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Nissan Leaf – I Haven’t Been to Gas Station for A Year. Missing it? Nah.

Nissan Leaf 2011

I got my Leaf on April 2011. After dealing with range anxiety for about the first 2 months, driving has been fun for me.

I bought my Nissan Leaf from Boardwalk Nissan in Burlingame, CA. The price was pre-negotiated with a five percent discount off MSRP. I got the LS version, loaded with fast charger, cargo net, and eco packs, out the door for about $38k. After the California cash rebate of $5k, and federal tax credit of $7500 for the car and $750 for the charger, my net out-of-pocket was about $26k, price of Honda Civic for a luxury car – LCD console, rear view camera, power windows, world class navigation system, blue tooth phone integration, built-in garage remote, incredible driving experience – sporty acceleration, and extremely quiet and smooth ride at any speed.

My first year maintenance was about $150. Some other owners got similar service for free. My daily commute is about 60 miles round trip. A Civic would have cost me about $180 a month, but my electric bill went up only $60 on PG&E E9A rate – a saving of $120 a month or about $1440 saving a year, or about $14,400 for 10 years!

Like many of EV owners, we bought the car for many reasons – help wean ourselves from petro-based economy, help clean the environment (more than half of Leaf owners have
solar panels in California, and I plan to do the same), fun driving experience, save money, etc. My other reason is appreciating the fact that great engineering is simple engineering – less moving parts (no engine, no spark plugs, no timing belts, no radiator, no muffler, etc).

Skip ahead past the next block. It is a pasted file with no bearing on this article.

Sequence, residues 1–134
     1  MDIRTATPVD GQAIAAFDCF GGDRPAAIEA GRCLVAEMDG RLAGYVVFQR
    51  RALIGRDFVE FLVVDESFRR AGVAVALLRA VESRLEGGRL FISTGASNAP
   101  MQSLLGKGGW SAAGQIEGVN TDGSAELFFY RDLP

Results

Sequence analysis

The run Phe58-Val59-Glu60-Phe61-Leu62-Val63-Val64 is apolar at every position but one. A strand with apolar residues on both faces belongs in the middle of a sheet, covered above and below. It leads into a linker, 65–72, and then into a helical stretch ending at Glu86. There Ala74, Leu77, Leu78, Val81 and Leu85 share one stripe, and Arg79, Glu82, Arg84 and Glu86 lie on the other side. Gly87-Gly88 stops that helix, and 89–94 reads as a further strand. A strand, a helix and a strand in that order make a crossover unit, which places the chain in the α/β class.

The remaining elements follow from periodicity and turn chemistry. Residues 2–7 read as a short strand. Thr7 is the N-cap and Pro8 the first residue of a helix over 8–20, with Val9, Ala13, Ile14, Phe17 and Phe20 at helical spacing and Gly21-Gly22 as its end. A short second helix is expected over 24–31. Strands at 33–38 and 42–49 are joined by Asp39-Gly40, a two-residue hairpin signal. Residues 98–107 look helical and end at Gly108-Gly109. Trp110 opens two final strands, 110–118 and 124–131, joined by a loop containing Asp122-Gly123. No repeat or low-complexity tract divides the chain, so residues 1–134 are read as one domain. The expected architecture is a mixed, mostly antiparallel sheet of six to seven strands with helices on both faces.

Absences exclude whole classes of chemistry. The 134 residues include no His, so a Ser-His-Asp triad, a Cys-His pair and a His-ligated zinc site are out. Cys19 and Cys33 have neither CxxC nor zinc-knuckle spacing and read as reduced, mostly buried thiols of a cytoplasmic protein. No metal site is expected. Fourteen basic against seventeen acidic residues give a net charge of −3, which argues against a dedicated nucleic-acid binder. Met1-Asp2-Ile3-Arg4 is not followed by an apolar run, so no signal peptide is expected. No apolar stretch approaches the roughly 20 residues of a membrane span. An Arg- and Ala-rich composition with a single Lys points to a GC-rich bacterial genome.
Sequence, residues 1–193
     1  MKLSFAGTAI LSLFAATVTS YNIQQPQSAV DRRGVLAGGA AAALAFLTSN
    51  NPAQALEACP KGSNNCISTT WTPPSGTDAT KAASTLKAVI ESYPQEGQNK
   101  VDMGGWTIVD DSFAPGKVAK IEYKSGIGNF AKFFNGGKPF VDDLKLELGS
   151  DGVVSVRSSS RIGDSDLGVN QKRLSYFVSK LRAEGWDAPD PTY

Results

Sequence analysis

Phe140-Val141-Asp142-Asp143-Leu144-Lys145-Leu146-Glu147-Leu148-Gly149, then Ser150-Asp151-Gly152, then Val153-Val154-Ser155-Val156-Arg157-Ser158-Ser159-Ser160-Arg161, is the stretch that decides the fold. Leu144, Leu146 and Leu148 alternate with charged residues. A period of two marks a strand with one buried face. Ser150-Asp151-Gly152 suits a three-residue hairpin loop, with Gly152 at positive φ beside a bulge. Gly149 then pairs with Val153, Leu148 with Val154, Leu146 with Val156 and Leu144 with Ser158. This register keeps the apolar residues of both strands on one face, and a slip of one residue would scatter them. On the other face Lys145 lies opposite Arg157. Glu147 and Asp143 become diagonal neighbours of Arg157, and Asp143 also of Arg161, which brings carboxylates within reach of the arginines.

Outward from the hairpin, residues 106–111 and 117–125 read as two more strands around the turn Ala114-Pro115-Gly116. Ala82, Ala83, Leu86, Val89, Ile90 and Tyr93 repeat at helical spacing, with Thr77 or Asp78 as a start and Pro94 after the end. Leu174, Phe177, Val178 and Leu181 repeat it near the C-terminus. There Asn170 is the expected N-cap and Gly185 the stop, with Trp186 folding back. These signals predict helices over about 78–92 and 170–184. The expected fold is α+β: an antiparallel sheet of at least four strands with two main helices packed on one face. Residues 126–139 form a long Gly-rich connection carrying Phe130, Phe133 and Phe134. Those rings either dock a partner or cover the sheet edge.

My friends often ask where I get gas for my car. I said the car does not use gas, instead it runs on electricity. Where do you get the battery charged? My garage, I answer.

Charger in my garage.

When I get home, I pull the charger from the wall, plug it into the car. The timer for the charging system in the car is set to charge during off peak = the lowest rate at 5 to 10 cents per kilowatt hour (kwh). The battery pack holds 24 kwh for about 70 miles, I paid about as little as $1.20 for 70 miles or about 233 eMPG!

In my case, I don’t always charge during off peak, the lowest rate, as I sometimes go out after work and need extra charge to make the trip. The average rate I pay for charging my car is about 10 cents per kwh, bu still much cheaper than fueling a gasoline car.

Other benefits from the electric car are I no longer have to smell the gas exhaust from my car, and knowing that I have made a difference. There are more than 30,000 Leaf owners in the world enjoying some of the benefits that I come to enjoy. Join us.

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